Climate Strike on Main Quad demands action from university

by Zulema Herrera

On Earth day, students rallied in front of the Illini Union to advocate for the heath of the environment and it’s impact on each individual. The strike was organized by the Students for Environmental Concerns(SECS) group in collaboration with other organizations and protesters.

The SECS is the largest and oldest environmental group at UIUC created to seek environmental justice through activist efforts. The Earth Day Climate strike was a part of their Earth week activities they host every year to celebrate and advocate for the environment. This year, speakers came from organizations such as Students for Justice in Palestine (SJP), Red Bison, and the Society for Women Engineers(SWE). The president of SECS, Veronica Casey, says that their initial focus was to put pressure on the university and campus community.

“We have been trying to get the university to divest in fossil fuels and that’s been our central mission” said Casey, “and making that actionable change to make sure that someone, a group of students, have a place to go to fight for the environment.”

The university has recently began to make initiatives to stop investing in fossil fuel companies and reduce their energy use through their enactment of The Illinois Action Climate Plan(iCAP) and the Facility and Services Energy management plan. By these efforts, the university states their hope to create a more sustainable environment for the campus and students.

“From significant clean energy goals, to waste reduction, to education programs to divestment from fossil, to reimaging the architecture and landscape of campus, iCAP 2020 is a case study for high goals with high stakes at risk.” said Chancellor Jones during the iCAP launch.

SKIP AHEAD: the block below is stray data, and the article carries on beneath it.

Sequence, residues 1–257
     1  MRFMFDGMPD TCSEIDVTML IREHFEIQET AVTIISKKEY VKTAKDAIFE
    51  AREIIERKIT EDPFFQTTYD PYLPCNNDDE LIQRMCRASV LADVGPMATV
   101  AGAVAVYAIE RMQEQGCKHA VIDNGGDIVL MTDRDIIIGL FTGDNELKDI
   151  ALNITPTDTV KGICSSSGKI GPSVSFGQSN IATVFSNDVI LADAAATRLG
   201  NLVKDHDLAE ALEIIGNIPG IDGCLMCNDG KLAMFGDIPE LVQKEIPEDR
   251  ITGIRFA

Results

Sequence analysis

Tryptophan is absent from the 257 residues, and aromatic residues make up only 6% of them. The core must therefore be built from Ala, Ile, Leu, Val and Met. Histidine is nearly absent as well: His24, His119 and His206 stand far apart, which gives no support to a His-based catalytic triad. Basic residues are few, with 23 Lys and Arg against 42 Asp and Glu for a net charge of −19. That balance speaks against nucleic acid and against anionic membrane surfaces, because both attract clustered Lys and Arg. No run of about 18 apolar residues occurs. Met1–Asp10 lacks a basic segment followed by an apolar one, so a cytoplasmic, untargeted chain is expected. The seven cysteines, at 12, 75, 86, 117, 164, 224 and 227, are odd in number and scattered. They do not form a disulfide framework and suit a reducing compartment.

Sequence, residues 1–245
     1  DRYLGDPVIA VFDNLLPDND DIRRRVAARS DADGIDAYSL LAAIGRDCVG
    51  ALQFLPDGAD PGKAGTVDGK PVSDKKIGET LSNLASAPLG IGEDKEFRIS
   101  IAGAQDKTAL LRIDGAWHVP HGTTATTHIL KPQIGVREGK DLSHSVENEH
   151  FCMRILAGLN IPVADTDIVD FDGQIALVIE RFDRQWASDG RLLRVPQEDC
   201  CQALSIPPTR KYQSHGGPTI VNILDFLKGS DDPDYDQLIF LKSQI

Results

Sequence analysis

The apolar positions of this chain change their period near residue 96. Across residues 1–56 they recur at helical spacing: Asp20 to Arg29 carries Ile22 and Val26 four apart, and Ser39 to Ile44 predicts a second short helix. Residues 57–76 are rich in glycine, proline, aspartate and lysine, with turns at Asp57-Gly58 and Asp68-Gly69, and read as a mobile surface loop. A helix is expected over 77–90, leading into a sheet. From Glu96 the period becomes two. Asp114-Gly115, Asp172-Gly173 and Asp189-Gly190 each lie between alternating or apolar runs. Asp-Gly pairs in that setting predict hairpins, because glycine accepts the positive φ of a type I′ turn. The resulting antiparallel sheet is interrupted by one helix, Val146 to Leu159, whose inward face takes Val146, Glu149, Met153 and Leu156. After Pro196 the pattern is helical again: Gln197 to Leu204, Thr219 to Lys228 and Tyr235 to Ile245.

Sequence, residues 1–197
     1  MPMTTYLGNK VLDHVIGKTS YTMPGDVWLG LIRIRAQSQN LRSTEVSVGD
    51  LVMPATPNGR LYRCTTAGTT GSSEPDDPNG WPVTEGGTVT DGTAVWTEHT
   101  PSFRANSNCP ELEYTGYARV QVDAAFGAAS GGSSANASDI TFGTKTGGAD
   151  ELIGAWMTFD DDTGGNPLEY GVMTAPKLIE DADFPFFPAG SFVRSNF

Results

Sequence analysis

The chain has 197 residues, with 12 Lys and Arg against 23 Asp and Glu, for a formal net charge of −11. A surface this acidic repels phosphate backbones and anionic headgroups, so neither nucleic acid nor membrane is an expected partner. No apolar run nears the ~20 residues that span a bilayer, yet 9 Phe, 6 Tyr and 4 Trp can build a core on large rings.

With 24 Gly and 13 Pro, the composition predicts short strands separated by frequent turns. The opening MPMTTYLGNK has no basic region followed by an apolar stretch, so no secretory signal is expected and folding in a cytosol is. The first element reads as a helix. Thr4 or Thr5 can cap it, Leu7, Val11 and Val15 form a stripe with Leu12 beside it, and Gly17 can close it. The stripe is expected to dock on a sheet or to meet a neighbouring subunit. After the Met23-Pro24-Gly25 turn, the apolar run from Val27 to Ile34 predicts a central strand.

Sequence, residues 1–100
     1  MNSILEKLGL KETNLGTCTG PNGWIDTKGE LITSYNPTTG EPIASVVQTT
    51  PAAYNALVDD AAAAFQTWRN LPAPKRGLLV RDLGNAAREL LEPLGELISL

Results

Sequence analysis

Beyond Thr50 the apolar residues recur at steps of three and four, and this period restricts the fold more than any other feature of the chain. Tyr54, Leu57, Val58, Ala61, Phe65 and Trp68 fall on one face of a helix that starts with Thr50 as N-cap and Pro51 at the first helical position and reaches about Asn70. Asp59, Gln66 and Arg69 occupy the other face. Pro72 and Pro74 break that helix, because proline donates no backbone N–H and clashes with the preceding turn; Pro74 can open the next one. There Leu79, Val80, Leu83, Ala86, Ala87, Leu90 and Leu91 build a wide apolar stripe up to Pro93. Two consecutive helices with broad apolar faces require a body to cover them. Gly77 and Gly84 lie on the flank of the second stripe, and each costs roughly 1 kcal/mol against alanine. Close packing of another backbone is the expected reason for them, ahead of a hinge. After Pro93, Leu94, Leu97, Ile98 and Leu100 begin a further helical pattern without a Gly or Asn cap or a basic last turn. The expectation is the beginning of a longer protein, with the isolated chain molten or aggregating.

However, for one protester these environmental issues is much bigger than the university. Karla Sanabria-Véaz, member of the Graduate Employees’ organization(GEO), voiced her concerns about the conditions of her birthplace, Puerto Rico. She says her involvement in student movements in Puerto Rico as a teenager to now joining the Earth Day Climate Strike instills a level of pride.

“Puerto Rico’s issues in Congress is discussed in the Committee of Natural Resources because that’s how this country sees us, as a natural resource to exploit” said Sanabria-Véaz, “In recent years, particularly after 2017, even before, we have seen how climate change has effected Puerto Rico as part of the Global south.”

Sanabria-Véaz refers to Hurricane Maria which devastated so many homes and lives in 2017; considered one of the worst natural disasters in record history in the islands of Puerto Rico. She also mentions the many earthquakes Puerto Rico experienced during the pandemic, stressing the severity of climate change and the need become of aware of it and take action. To learn more about the state of Puerto Rico, Sanabria-Véaz says to check out GEO’s next event which will be hosted online on Friday April 30th, more information can be found on their Facebook page.

Casey says this is pivotal time and that living under the current pandemic creates an opportunity to recognize the urgency of protecting the environment.

“I think the pandemic highlighted how interconnected environmental issues, not only the environment that we’re in but also our own health” said Casey, “and how these companies are polluting our air and our water which influence our own well-being.”

To get involved with SECS and their future events or protests visit their Facebook page or website at